Three reasons why RBI raised inflation forecast, kept repo rate unchanged at 6%

Published On: 06, Dec 2017 | Source:

In its bi-monthly policy review today, the RBI kept key policy rates unchanged, much in line with expectations, as the central bank’s concerns over inflation rising through the year seem to be coming true. Notably, RBI has raised its expected inflation estimate on the entire band by ten basis points to 4.3%-4.7% in Q3 and Q4 from 4.2% to 4.6% earlier. RBI also noted that the global crude oil prices are on the rise and the impact of HRA by the Central Government is putting pressure on inflation. “Crude oil prices touched a two-and-a-half-year high in early November on account of the Organisation of the Petroleum Exporting Countries’ (OPEC) efforts to rebalance the market,” RBI said.

“The October bi-monthly statement projected inflation to rise and range between 4.2-4.6 per cent in the second half of this year, including the impact of increase in house rent allowance (HRA) by the Centre. The staggered impact of HRA increases by various state governments may push up housing inflation further in 2018, with attendant second order effects,” RBI said in its note.

Earlier, analysts said that higher inflation, which may even breach its 4% target in the next few months, rising oil prices and the impact of the seventh pay commission would make the central bank to keep the repo rate on hold for the second time, and for the third time in February too.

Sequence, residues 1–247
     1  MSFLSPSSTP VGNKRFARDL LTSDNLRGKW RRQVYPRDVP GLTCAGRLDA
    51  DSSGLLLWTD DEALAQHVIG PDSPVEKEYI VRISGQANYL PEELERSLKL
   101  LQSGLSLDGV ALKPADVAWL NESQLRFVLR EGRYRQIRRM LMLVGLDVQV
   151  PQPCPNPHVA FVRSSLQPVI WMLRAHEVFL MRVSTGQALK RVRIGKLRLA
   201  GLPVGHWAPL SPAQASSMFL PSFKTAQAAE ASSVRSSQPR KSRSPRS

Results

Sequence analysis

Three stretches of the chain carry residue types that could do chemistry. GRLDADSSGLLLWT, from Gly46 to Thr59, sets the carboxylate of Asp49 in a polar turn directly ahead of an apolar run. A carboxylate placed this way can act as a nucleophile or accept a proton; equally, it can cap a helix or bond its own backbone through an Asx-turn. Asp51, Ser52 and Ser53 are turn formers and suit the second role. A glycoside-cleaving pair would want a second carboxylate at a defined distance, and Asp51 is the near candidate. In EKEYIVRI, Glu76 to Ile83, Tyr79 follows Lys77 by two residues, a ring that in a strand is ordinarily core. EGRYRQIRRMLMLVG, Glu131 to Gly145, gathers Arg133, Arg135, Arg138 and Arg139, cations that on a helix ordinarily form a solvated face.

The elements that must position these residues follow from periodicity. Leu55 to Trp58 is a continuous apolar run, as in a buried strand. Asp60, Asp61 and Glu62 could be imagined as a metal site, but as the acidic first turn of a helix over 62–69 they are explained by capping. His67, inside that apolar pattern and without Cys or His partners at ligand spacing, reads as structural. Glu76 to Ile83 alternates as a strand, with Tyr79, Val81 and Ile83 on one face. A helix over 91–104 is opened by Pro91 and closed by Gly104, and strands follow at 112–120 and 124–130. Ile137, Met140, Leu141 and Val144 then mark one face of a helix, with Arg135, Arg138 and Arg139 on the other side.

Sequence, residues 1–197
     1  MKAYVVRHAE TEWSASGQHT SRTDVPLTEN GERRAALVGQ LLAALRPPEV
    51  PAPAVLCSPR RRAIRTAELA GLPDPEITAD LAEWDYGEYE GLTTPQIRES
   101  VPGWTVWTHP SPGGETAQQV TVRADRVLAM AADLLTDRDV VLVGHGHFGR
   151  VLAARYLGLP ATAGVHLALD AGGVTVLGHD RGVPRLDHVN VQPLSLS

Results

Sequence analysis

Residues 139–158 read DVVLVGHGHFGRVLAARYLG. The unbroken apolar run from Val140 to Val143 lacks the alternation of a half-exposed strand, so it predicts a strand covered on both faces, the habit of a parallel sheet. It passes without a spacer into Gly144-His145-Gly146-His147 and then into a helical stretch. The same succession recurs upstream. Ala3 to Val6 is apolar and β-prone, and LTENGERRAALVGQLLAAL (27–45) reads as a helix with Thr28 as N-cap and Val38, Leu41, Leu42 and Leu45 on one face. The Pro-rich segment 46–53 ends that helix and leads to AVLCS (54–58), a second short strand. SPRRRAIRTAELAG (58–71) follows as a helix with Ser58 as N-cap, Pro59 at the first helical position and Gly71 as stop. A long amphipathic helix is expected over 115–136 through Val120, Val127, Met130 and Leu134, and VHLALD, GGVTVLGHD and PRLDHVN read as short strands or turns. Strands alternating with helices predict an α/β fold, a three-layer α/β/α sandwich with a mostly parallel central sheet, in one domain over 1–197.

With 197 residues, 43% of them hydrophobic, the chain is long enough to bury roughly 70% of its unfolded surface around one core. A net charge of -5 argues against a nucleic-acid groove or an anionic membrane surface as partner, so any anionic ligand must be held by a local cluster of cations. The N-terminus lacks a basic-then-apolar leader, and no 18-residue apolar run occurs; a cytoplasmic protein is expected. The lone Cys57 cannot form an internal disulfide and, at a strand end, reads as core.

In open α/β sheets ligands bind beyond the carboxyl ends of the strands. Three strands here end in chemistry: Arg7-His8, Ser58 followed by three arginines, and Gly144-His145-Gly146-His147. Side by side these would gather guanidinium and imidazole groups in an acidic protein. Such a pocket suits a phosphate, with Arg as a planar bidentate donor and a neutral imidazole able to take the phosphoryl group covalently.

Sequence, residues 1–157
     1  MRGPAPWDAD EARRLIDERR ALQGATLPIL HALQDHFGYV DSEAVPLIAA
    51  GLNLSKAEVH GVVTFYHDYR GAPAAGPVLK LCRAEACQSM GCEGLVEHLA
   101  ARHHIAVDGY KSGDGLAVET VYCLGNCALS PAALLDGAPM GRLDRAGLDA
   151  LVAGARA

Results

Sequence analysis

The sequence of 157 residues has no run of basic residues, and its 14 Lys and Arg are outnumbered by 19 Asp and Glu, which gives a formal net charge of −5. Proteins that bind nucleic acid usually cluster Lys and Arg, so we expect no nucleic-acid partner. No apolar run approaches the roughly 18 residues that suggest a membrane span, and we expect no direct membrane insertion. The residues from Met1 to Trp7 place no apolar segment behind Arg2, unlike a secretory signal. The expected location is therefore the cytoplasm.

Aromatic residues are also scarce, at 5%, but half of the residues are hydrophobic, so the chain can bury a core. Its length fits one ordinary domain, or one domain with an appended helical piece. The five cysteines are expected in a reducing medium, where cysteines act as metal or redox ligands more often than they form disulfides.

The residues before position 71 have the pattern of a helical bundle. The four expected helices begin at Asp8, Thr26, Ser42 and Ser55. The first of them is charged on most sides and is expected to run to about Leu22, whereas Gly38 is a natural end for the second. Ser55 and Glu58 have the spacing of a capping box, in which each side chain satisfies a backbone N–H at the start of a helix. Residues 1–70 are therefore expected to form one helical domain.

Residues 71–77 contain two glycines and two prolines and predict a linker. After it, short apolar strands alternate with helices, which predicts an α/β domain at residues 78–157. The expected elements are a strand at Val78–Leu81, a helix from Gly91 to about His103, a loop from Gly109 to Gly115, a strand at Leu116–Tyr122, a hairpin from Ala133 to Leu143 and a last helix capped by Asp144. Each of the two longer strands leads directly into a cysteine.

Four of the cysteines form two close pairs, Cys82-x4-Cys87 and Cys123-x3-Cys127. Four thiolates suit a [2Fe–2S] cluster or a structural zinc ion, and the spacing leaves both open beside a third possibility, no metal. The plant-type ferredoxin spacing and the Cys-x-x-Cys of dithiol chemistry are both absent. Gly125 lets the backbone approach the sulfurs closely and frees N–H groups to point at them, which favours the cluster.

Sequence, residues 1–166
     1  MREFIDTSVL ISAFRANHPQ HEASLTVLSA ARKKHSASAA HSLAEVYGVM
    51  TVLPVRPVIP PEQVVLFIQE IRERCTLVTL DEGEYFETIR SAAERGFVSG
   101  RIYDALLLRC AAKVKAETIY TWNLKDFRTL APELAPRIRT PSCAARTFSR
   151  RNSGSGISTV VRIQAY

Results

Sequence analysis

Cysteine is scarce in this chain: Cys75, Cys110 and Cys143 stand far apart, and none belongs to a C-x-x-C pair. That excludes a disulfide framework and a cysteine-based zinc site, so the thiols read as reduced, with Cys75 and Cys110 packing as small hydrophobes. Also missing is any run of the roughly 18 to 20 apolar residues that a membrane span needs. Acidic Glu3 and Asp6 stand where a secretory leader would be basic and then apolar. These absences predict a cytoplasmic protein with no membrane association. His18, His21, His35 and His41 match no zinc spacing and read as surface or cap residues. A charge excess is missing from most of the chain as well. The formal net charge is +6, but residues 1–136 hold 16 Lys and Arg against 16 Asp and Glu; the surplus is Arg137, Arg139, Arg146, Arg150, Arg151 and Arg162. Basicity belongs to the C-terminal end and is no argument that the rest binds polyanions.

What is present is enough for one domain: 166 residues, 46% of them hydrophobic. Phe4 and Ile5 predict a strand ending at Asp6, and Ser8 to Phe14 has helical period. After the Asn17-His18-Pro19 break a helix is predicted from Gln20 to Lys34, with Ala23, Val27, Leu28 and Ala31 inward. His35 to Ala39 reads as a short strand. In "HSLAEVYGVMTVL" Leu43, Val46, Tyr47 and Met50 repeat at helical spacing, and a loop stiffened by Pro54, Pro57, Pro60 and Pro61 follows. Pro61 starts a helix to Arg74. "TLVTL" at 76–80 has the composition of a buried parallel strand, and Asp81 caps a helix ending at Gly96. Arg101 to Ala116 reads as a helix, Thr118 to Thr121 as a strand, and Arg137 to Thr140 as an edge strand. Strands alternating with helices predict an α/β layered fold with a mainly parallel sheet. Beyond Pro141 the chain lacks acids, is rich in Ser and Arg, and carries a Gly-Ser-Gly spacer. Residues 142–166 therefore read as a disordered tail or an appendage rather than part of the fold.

“The decision of the MPC (Monetary Policy Committee) is consistent with a neutral stance of monetary policy in consonance with the objective of achieving the medium-term target for consumer price index (CPI) inflation of 4 per cent within a band of +/- 2 per cent, while supporting growth,” RBI said.

RBI points out that  going forward, the inflation path will be influenced by three key factors. “First, moderation in inflation excluding food and fuel observed in Q1 of 2017-18 has, by and large, reversed. There is a risk that this upward trajectory may continue in the near-term,” noted RBI. Secondly, RBI says that the impact of HRA is likely to peak in the month of December. “Third, the recent rise in international crude oil prices may sustain, especially on account of the OPEC’s decision to maintain production cuts through next year. In such a scenario, any adverse supply shock due to geo-political developments could push up prices even further,” RBI said in the report.